The $1,200 Burger

Rick Ryckeley's picture

So who in our family just paid $1,200 for the perfect hamburger? The answer will surprise you.
Nope, it wasn’t yours truly. It was The Wife.
See, I told you it would be a surprise. So pull up a chair. Tuck a napkin under your chin. This is one juicy story you’re gonna want to sink your teeth into.

First, I have to admit something that may get me kicked out of the Man Club. The Wife and me, we’ve been grill-less for the last eight years.

Shocking, I know, but when we sold our house we also sold our grill. Eight years ago we moved to a quiet, little town.
Unfortunately zombies invaded three years ago, and town hasn’t been little nor quiet since. But that’s a story for another time. Lucky for us, though, zombies don’t eat hamburgers.

Each night, after checking the house for any stray zombies, I’ve emptied my pockets, tossing change, and lint balls, into a large plastic jug anticipating one day buying a new grill. When full, I trudge the treasure jar to the basement for storage and I replace it with an empty one.
I know you are thinking that storing all that money in the basement is not a good idea with slow-walking zombies skulking around. No worries, the jugs have been well guarded by an ever-increasing army of long-legged spider crickets. Zombies are afraid of long-legged spider crickets. Or so I’ve been lead to believe.

Last Monday, The Wife said, “Why don’t you cash in all that change and buy a new grill? We can have hamburgers out on the back deck this weekend.”
As I normally do, I agreed with The Wife. So early Tuesday morning, I headed down to the dusty basement. After a well-fought battle with hordes of spider crickets, I retrieved five jars of coins. Next stop was to the bank for someone to count all that money; I certainly wasn’t gonna do it. Too busy watching out for zombies.

I left the bank with $1,200 in my pocket, as well as a whole bunch of lint balls. Seems exchange rate for lint balls has hit an all-time low. You can’t even give that stuff away anymore.
Next stop, giant hardware store with the orange roof and our new grill. In the last eight years grill technology certainly has improved. Now they’re called convection grills and cook just like an oven in your kitchen. Cost almost as much, too.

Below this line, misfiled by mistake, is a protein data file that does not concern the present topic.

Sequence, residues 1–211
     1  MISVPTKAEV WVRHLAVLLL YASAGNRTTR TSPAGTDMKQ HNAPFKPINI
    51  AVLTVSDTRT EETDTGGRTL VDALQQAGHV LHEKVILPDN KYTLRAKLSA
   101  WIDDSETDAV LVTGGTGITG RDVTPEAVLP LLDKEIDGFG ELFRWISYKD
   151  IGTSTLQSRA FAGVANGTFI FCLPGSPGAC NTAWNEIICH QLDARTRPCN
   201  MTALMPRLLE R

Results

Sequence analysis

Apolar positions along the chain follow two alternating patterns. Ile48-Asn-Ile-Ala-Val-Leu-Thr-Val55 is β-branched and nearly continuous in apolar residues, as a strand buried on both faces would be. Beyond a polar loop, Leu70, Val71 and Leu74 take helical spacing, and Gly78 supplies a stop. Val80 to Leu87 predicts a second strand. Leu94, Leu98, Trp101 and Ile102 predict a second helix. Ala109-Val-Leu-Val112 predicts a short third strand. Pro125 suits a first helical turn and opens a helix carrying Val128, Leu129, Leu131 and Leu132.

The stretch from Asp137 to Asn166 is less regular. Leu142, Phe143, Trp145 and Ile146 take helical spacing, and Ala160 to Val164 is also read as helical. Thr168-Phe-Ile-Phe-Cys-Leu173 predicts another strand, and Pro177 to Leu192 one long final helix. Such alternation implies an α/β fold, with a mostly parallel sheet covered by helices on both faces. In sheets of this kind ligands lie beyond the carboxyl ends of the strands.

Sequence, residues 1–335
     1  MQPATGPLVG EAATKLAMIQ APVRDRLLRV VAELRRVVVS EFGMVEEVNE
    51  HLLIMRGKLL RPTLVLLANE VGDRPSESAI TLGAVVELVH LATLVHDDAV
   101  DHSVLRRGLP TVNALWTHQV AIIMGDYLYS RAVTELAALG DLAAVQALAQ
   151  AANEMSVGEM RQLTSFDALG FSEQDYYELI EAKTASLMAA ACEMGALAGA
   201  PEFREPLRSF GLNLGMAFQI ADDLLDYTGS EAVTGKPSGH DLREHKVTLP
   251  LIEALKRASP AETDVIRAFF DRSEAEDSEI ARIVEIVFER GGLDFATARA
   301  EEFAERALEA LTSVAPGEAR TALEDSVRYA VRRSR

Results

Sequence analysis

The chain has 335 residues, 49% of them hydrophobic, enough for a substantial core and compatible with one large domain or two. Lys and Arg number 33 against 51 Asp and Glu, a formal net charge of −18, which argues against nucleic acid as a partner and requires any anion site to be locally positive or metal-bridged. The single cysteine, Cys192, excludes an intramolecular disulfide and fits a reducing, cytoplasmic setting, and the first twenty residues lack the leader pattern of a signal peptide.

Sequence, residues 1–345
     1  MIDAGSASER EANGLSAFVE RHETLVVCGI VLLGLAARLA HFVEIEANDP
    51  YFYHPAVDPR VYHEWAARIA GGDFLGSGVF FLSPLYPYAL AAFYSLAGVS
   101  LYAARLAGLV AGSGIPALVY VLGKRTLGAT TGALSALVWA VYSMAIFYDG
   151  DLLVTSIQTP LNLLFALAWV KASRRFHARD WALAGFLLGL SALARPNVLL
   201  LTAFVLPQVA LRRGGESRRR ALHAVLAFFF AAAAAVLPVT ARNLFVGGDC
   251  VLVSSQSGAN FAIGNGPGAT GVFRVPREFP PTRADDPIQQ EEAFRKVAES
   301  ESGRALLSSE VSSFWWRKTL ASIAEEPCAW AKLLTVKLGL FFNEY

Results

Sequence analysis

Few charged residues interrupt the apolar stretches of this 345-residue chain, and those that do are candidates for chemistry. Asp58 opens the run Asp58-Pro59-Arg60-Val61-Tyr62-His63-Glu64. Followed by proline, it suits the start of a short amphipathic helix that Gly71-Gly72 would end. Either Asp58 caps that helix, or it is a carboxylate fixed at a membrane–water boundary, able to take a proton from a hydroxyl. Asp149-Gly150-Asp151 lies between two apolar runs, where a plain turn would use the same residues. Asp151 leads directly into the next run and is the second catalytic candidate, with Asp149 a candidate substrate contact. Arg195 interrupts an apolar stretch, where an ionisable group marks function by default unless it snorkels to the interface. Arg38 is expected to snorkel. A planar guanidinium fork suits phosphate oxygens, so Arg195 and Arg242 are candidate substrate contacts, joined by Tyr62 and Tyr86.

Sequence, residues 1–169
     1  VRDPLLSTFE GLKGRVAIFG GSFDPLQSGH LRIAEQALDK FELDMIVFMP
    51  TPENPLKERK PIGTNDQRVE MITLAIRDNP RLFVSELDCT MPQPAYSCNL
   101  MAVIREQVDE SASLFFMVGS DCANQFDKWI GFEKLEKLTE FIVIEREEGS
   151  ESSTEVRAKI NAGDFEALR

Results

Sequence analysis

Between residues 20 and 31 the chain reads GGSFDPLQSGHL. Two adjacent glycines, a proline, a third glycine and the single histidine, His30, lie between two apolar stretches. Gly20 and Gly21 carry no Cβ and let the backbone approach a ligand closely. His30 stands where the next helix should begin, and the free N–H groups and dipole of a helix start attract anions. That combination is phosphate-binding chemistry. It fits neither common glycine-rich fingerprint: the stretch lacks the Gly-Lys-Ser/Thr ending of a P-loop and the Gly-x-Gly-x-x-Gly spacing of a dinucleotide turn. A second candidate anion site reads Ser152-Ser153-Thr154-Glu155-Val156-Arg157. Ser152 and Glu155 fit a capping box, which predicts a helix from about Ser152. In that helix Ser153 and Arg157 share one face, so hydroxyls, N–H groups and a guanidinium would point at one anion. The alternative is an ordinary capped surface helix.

Our new grill has 50,000 BTUs, four burners and infrared searing. Don’t really know what BTUs are, but we got 50,000 of them. All encased in a stainless steel frame with wheels. Assembly required.
The cashier wouldn’t take my lint balls as payment, so I had to part with much of the jar money. Afterwards a forklift retrieved and set a huge box at my feet. Those silly folks actually though I was going to take time away from all-important zombie watching to spend an entire afternoon and half the night putting together our new hamburger-maker.

More jar money was exchanged and the forklift took the huge box back to be assembled. This gave me additional time to shop for essential grill accessories.
Grilling tools and long-handled utensils had to be bought. After all, how would one flip the perfect hamburger without long-handled utensils? A meat thermometer with digital readout in four languages was also an essential purchase. How else would I know when the burgers were done? No, much to my surprise, one of the languages wasn’t Southern.

The giant tongs purchased served a dual purpose. They would be good for gripping and flipping giant hamburgers, and also fighting off any stray long-legged crickets escaping from the basement looking for a meal of hamburger scraps.

And let’s not forget about the all-weather cover with the fancy red and black logo. Can’t have our new grill standing out in the rain, now can we? Besides, it will also provide protection from all those zombies drooling over it. Ever tried cleaning up zombie drool? That’s stuff almost impossible to get out of carpets. Can’t imagine what it would do to the finish of a shiny new grill.

The weekend finally arrived, and along with it the delivery of our new grill. That night, The Wife enjoyed the best $1,200 hamburger she ever eaten. When asked why I didn’t assemble the grill myself I answered, “It had 50,000 BTUs. That would’ve taken all night to put those together.”
The Wife simply shook her head and smiled, then asked for another hamburger.
[Rick Ryckeley, who lives in Senoia, served as a firefighter for more than two decades and has been a weekly columnist since 2001. His email is storiesbyrick@gmail.com. His books are available at www.RickRyckeley.com.]

Spyglass
Spyglass's picture
Offline
Joined: 01/28/2008
Webber Kettle charcoal grill

Is the way to go.

MYTMITE
MYTMITE's picture
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Joined: 02/14/2008
Spy, several years ago I was visiting in Chicago and went to the

Weber (webber?) Grill Restaurant. I still drool when I remember the meat loaf I had there. A family member had the steak, several had burgers of various types and we all were in heaven. I was staying in a hotel and did something I had never done before that night---my order came with three huge slabs of meat loaf and I had to force myself to eat one--the idea of leaving any of that manna from heaven seemed sinful so I asked them to box it up for me and took it back to the hotel---around midnight, I heard that take-out box calling my name and ate part of a slice----it was just as good cold as it had been hot--and that is saying something for ground beef--I ate some more and decided that I just had to say good-bye to the rest. So, I packed it up and disposed of it---and I still hanker for that portion I did not eat. Have looked for Weber Grill Restaurants whereever I have been since then with no success. Darn it.